The supply curve shows the different prices at which businesses are willing to offer their products. Typically, a business has greater incentive to offer more products if it is guaranteed a higher value in return. For example, a farmer will choose to plant more corn if the price received from selling corn is high. However, the willingness of the farmer to sell more corn depends on the additional cost of planting that corn -- costs such as land lease, fertilizer expenses or the extra labor needed. Hence, the supply will depend on the extra cost of production of these extra units, also known as the marginal cost.

Marginal Cost

Marginal cost to a business is the extra cost incurred in making one more unit of a product. It is calculated by dividing the change in total cost by the change in total output. If the farming business above doubled its production of corn from 50 bags to 100 bags and thus raised its total cost from $200 to $400, its marginal cost of production would then be $4 ($400 minus $200 divided by 100 minus 50). The marginal cost usually falls at the start of a business because the business is using resources most efficiently. However, running up against land or machine capacity levels will cause marginal costs to rise. Businesses are most inclined to supply additional quantities of a product if the price received covers those rising marginal costs.

Price Benchmark

The basic rule of thumb for any successful business is to set the price of a product where the business can make a profit or at least be able to cover its costs. Using the example of the farming business, the farmer will only supply additional bags of corn if he receives enough revenue to cover the extra cost. If the extra cost of doubling production is $4, he would expect to at least receive $4 from selling the additional produce on the market. In effect, the additional cost -- the marginal cost -- can be seen as the lowest price at which a business is willing to supply additional units to the market.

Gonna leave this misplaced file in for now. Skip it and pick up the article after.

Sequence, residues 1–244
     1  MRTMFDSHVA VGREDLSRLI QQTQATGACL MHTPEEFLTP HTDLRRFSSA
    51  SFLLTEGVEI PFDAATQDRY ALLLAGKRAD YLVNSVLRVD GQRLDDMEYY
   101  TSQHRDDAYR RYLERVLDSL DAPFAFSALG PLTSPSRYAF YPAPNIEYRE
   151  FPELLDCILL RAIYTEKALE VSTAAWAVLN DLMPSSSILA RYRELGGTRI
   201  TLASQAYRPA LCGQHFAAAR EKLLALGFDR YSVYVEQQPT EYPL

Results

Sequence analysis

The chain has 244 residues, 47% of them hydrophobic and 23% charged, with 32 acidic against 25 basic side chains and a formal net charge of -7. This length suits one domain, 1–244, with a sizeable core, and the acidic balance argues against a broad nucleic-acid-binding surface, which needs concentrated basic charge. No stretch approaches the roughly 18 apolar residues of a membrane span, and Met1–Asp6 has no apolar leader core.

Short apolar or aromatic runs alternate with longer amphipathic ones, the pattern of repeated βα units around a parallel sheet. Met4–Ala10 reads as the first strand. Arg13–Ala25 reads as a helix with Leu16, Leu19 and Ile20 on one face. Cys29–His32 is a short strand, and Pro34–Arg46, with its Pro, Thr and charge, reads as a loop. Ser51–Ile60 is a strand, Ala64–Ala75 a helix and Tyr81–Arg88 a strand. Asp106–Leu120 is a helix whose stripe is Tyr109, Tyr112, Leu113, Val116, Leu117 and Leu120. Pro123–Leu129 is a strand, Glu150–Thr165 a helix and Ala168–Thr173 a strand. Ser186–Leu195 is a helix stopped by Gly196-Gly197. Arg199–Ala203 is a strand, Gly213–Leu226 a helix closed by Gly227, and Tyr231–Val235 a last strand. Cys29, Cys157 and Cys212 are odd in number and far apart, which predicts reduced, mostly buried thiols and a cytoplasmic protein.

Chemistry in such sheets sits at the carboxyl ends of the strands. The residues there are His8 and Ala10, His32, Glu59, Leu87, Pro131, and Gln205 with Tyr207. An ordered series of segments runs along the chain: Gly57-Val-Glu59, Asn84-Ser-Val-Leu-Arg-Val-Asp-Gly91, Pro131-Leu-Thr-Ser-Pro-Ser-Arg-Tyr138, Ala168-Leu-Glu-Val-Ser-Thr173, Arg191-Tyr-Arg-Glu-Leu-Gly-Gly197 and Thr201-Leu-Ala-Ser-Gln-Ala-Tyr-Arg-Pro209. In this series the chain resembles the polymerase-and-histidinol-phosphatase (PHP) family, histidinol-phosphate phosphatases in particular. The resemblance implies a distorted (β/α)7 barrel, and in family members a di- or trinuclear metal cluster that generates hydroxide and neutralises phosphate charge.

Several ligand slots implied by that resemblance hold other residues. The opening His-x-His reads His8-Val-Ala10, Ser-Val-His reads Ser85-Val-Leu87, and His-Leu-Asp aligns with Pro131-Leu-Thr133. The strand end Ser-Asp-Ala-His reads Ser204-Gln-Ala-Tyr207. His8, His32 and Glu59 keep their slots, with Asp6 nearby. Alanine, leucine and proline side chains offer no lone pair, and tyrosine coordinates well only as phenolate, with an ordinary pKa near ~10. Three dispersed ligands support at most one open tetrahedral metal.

Market Structure

Industries that make homogeneous products -- like corn farmers who raise corn -- have a hard time implementing sales techniques such as price differentiation. Unlike other industries that may benefit from having product brands, most farming products are too similar to be successfully differentiated. Corn is the same from one farmer to another, so one seller can't secure a higher price for her brand. Because the product is so uniform and so widely available, the price that farmers can charge at the very minimum is the cost of producing that food product. So the exact price received by a corn supplier will be the extra cost -- the marginal cost -- involved in producing that product.

Shutdown Point

Businesses make a profit if the price per product exceeds its cost. If the price charged was the same as its cost, the business makes no profit but can at least cover its expenses. Even a business that is running at a loss can still afford to operate as long as it can pay its workers. If the business cannot cover its employees’ wages and operational costs, it is likely to shut down. Using the farming example, the farmer would have to quit if the price received for each bag of corn couldn't cover the extra hourly wage required to plant or harvest that output. The business will stop supplying products when the product's price is so low that it cannot cover its costs.